In his own words, Andrew ‘Freddie’ Flintoff is journeying into the unknown ahead of his first fight in professional boxing. But if the cricket icon makes the smooth transition from the crease to the canvas, and walks away with his head held high after his fight with Richard Dawson, he’ll have Monkstown Amateur Boxing Club to thank in part, WRITES JOHN GILLESPIE.
In 10 days’ time the Ashes hero turned fighter will experience exactly what it’s like in the heat of battle as he takes centre-stage in the Manchester Evening News Arena, and he’s hoping he won’t be found wanting in what the boxing fraternity calls the four corners of truth.
Flintoff is realistic. He has been working extremely hard in preparation for what could prove to be the biggest sporting challenge of his life. There are no signs of over-confidence; rather he cut an unassuming, yet focused figure as he donned the gloves to square up to Commonwealth Games silver medal-winning heavyweight Steven Ward at the Cashel Drive club earlier this month.
Monkstown, he said, was the choice of his mentor Barry McGuigan and his son Shane, who is his trainer. And the local club is a place where the high-profile sportsman felt he could get away from it all and concentrate on the job in hand.
“Barry reckoned the best place to come would be here, to Monkstown,” he said. “We were here a few weeks ago to train and I met the club coach, Paul (Johnston), and sparred with big Steve and that week was invaluable; I learnt a lot.
“We have come back this week for more of the same. We have got a fight in a few weeks and it was an opportunity to come back here where everyone has been so accommodating and so good to us. We’ve had a great time here.
“I’ve used the gym and I have gone into the ring and done the pad work and sparring. It’s nice because I can get away from things and focus intently on what we are doing, and it’s great to be in a boxing environment because I can feel the passion for boxing from the people here, and it’s rubbing off.”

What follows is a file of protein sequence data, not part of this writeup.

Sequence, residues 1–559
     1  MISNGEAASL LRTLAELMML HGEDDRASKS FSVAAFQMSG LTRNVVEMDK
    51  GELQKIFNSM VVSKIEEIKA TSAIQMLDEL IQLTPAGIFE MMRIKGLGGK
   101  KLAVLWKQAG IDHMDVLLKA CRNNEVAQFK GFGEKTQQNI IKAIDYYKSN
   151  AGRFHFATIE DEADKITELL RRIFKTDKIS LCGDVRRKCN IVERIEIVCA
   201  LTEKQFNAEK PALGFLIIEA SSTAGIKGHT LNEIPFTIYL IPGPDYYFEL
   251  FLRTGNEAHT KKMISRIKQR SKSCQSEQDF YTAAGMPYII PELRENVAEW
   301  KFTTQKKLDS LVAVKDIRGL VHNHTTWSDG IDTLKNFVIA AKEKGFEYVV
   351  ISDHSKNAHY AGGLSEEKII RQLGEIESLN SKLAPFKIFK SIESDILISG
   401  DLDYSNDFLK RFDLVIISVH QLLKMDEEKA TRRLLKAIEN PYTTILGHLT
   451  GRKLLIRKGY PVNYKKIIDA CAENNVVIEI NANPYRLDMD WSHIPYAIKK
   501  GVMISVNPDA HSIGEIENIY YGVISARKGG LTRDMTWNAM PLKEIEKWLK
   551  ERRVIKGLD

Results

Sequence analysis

He added: “I’ve had the chance to meet some of the local people while I have been training at Monkstown. What’s been great is that I’ve seen all the kids coming in here, and I was chatting to Paul about some the stuff they do in the evenings when they come in and do their homework and then they train. It seems the boxing gym is a real hub of the community.
“I sparred down here the other night; there was a big crowd and everyone came down to watch and it’s great to see. People are passionate about their boxing and it’s a great community.”
The 34-year-old’s decision to take up the sport hasn’t come without criticism in some quarters. Promoter Frank Warren and trainer Frank Maloney have made their views on the fight clear, but, in McGuigan, he has the backing of a legend with an indispensable depth of knowledge and experience.
Flintoff says the build-up to the big fight has been good and he’s pushing himself as hard as he can.
“Preparations have been going well,” he said. “Obviously, it’s different to what I’m used to but, yeah, we’ve had a tough week and I’ve lost a lot of weight. We have been cramming the training into quite a short space of time and it has been intense at times. We’ve had good days and a few bad ones as well, but, I suppose that’s inevitable. I couldn’t have asked for any more from Shane and Barry; they have been so committed and they have done so much for me.